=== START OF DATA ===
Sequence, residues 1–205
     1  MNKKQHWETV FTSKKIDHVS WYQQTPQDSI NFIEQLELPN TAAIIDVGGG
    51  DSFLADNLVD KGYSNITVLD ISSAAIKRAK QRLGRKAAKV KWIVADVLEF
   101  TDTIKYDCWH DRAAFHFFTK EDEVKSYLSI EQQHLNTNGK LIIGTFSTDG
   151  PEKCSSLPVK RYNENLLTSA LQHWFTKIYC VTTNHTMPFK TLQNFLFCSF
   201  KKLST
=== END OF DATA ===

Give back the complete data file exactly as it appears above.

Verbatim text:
Sequence, residues 1–205
     1  MNKKQHWETV FTSKKIDHVS WYQQTPQDSI NFIEQLELPN TAAIIDVGGG
    51  DSFLADNLVD KGYSNITVLD ISSAAIKRAK QRLGRKAAKV KWIVADVLEF
   101  TDTIKYDCWH DRAAFHFFTK EDEVKSYLSI EQQHLNTNGK LIIGTFSTDG
   151  PEKCSSLPVK RYNENLLTSA LQHWFTKIYC VTTNHTMPFK TLQNFLFCSF
   201  KKLST